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Franz Huber and Rune Dahl Fitjar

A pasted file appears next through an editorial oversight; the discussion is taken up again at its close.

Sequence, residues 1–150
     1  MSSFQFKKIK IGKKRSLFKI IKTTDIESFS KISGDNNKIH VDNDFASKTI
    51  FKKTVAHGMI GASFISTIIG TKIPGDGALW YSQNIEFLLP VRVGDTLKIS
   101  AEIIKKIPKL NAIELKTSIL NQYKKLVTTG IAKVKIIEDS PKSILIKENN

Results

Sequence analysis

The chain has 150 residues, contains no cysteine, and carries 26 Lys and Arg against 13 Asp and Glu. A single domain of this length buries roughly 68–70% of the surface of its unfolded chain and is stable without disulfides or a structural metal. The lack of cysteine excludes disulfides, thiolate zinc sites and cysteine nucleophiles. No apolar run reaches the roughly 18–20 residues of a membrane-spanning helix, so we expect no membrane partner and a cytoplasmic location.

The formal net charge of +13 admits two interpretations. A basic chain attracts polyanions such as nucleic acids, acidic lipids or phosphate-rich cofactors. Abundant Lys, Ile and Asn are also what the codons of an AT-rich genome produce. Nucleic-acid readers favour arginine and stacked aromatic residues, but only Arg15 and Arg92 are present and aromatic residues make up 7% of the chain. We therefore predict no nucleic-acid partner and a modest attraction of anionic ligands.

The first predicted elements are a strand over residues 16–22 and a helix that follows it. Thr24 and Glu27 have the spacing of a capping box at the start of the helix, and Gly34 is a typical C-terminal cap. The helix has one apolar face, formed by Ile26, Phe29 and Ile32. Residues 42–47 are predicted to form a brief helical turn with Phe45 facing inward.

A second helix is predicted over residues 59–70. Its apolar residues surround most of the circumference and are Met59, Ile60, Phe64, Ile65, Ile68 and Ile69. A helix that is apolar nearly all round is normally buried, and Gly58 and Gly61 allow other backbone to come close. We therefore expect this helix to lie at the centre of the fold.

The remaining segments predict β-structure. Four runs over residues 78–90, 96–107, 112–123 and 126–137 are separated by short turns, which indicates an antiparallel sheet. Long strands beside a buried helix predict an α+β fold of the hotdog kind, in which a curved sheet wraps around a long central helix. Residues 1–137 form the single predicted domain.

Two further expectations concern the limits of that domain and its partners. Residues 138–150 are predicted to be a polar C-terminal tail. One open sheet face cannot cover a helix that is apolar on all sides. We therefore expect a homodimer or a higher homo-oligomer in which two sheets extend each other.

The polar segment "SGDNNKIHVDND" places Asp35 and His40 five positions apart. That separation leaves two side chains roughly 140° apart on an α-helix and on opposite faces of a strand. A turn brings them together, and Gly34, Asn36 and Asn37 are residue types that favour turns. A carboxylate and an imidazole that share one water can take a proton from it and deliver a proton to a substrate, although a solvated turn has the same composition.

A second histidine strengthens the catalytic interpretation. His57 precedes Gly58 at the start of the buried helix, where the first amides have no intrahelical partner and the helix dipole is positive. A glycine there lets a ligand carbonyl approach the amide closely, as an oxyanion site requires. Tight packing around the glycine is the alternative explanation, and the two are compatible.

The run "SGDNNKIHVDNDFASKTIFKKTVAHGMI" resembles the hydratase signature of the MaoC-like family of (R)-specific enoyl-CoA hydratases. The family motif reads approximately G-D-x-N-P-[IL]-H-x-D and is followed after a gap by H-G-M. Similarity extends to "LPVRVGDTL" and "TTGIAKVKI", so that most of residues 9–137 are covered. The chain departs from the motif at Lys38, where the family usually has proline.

The chapter reflects on the limitations of the discourse on networks in innovative clusters in light of the author’s own empirical findings and associated research. The conceptual part of the chapter stresses the importance of distinguishing between personal and formal networks, and between stages of network mechanisms. It also stresses the need for conceptual sensitivity towards individualized networks that may go beyond coherent communities. The authors reflect on weaknesses in previous research, and then elaborate on reasons why networks in clusters can be limited due to lack of perceived need or lack of opportunity to benefit from local networks. Subsequently, they show that spatial proximity tends to be important for the formation of networks, while it tends to be less important for actual knowledge exchanges. In fact, within the context of Norway, the authors illustrate that it is international networks that are related to innovativeness. Finally, they clarify the role of various types of proximities for innovation by finding empirical evidence for the so-called Goldilocks principle: a medium level of proximity delivers the best innovative returns to collaboration, while collaboration with partners that are either too close or too far may not be beneficial for innovation.